I accompanied John Hurt to a screening of his 1974 film Little Malcolm and His Struggle Against the Eunuchs. It was the autumn of 2009. The British Film Institute was re-releasing Little Malcolm on DVD and John was to participate in an on-stage interview to discuss its transfer from theatre to big screen. In the audience, he became just another punter.
Well, not quite. The seats immediately around him were gently vibrating as the people in them became aware of their near neighbour and felt that indefinable but very definite aura that emanates from talent. And John Hurt had talent in spades.
Earlier we had had dinner as we discussed whether his schedule would allow him to attend a film festival I was directing in Yorkshire. He was up for the idea. Moreover, he had no snobbishness or 'side' to him or the notion of giving his time and talent – that word again – to a regional event.
The draw was a season of films covering, at that point, a 47-year career in movies and television. I didn't think his work had been represented in such depth previously; neither did he. Over dinner we roughed out a plan. Then came the clang of the warning bell: it would only happen if he weren't working. Clearly, if Mr Spielberg came calling then the deal was off. Bradford, Hollywood… there's very little in it.
Over the next few months, I got on with curating the programme, always keeping John and his lovely wife, Anwen, in the loop. And, always, the response was the same: "It's in the diary."
John Hurt did go to Bradford in 2010. The retrospective included a magnificent, memorable night in which the star mesmerised his audience with a candid and sometimes wildly funny stream of behind-the-scenes anecdotes and straight-talking reportage about the state of the industry.
He knew his status – visiting press liberally ladled out the word 'legend' – but he remained totally accessible and rooted in normality. What impressed me most was his power of recall – that and an uncanny knack of mimicking anyone and everyone from Laurence Olivier to Quentin Crisp.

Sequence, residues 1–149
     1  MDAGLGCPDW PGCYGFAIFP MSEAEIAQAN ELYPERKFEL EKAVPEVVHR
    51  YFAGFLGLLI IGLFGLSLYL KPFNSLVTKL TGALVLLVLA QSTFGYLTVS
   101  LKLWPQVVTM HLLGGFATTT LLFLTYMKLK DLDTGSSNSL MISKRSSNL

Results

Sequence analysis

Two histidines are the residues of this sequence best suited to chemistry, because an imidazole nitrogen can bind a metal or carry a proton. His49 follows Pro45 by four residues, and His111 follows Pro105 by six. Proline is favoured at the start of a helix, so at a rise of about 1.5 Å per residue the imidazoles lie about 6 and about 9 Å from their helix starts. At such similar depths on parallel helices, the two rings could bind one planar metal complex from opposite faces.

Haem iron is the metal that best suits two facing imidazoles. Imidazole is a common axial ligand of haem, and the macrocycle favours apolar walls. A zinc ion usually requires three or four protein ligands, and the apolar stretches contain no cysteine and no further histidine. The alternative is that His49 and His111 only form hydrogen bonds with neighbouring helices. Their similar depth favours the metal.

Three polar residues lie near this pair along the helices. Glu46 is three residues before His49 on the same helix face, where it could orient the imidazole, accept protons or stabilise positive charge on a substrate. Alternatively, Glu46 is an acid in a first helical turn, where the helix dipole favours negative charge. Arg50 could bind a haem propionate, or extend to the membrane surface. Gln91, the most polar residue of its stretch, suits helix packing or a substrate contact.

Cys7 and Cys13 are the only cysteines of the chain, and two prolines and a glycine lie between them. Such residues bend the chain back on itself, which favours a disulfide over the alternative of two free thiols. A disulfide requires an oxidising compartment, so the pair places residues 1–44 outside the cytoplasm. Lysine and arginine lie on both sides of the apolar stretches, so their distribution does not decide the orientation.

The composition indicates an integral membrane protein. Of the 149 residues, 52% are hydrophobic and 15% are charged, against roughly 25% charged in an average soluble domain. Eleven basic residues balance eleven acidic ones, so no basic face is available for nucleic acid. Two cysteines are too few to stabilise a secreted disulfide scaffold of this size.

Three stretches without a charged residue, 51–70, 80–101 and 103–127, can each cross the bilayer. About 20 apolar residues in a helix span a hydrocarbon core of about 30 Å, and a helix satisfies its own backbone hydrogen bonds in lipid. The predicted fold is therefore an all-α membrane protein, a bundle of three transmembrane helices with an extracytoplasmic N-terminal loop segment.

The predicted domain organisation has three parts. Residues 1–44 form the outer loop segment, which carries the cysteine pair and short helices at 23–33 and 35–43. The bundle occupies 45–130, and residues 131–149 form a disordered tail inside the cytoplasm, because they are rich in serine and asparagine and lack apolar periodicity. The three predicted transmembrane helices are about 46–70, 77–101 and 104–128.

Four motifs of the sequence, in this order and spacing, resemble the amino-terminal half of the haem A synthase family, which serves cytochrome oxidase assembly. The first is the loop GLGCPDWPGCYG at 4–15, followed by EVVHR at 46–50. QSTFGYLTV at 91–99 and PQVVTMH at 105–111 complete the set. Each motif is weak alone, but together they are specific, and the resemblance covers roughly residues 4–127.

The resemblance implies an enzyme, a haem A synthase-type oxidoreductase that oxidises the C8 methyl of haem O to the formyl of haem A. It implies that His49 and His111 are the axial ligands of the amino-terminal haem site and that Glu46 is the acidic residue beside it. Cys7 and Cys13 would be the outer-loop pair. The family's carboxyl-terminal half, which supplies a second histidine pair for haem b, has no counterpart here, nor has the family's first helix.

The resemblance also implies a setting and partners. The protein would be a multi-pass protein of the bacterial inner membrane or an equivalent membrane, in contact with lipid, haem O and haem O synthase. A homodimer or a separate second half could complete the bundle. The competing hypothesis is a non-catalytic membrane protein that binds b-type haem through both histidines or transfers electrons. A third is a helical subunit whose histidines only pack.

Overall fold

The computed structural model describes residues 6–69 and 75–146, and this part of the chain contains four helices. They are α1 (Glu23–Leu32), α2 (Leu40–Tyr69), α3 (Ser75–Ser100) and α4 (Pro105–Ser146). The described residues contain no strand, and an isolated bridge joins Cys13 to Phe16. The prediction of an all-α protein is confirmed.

He was gracious and generous; gregarious and gorgeous. When we launched the festival (at the offices of 007 producers EON on Piccadilly) he sauntered in to lend a hand. It meant a lot because the London press couldn't quite take in that the guest of honour was there to talk us up.
He effortlessly handled various TV interviews. When it came to my turn – I was live – I was rattling through my spiel when, from the corner of my eye, I was distracted by manic movements just off camera.
It was John, cartwheeling his arms and grinning like a loon, to put me off, which he did. I muttered "bastard" under my breath and was then enveloped in a tight bear hug as the TV producer laughed and said, "We'll use that." And they did.
I worked with him after the Bradford experience and saw once again how he crossed generations, appealing to kids who loved Harry Potter and older men (who should know better) wanting to talk Doctor Who.
Then there were those who recognised the value in an eclectic career that had seen collaborations with John Huston, Sam Peckinpah, Jim Jarmusch, Marlon Brando, Johnny Depp, Fred Zinnemann, Richard Burton and Orson Welles.
John talked about it all without any sense of grandiloquence. It was just the job, and they were his workmates.
As we left the stage in Bradford after our Q&A (and his standing ovation) he said, "I think that was the best interview I've done." I suspect he said that to anyone lucky enough to have been deep in the talk with him. But I'd like to think that he meant it.
Tony Earnshaw is a freelance writer and broadcaster specialising in film. For 12 years he was head of film programming at the National Media Museum (formerly National Museum of Photography, Film & Television) and was film critic for The Yorkshire Post from 1995-2016.
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